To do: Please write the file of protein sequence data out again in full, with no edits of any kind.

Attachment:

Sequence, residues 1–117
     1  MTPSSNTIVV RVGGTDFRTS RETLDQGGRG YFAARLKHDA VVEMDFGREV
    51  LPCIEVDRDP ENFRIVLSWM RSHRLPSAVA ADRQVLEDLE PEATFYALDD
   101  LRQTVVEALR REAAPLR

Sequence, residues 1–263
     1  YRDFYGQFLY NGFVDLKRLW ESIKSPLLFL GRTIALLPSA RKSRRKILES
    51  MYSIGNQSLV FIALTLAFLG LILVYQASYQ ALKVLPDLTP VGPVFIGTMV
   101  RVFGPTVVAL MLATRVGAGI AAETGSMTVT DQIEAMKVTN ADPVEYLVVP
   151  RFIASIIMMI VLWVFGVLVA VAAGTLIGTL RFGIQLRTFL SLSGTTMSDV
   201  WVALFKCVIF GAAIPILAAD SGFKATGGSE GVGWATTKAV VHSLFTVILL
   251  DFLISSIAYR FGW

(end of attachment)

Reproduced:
Sequence, residues 1–117
     1  MTPSSNTIVV RVGGTDFRTS RETLDQGGRG YFAARLKHDA VVEMDFGREV
    51  LPCIEVDRDP ENFRIVLSWM RSHRLPSAVA ADRQVLEDLE PEATFYALDD
   101  LRQTVVEALR REAAPLR

Sequence, residues 1–263
     1  YRDFYGQFLY NGFVDLKRLW ESIKSPLLFL GRTIALLPSA RKSRRKILES
    51  MYSIGNQSLV FIALTLAFLG LILVYQASYQ ALKVLPDLTP VGPVFIGTMV
   101  RVFGPTVVAL MLATRVGAGI AAETGSMTVT DQIEAMKVTN ADPVEYLVVP
   151  RFIASIIMMI VLWVFGVLVA VAAGTLIGTL RFGIQLRTFL SLSGTTMSDV
   201  WVALFKCVIF GAAIPILAAD SGFKATGGSE GVGWATTKAV VHSLFTVILL
   251  DFLISSIAYR FGW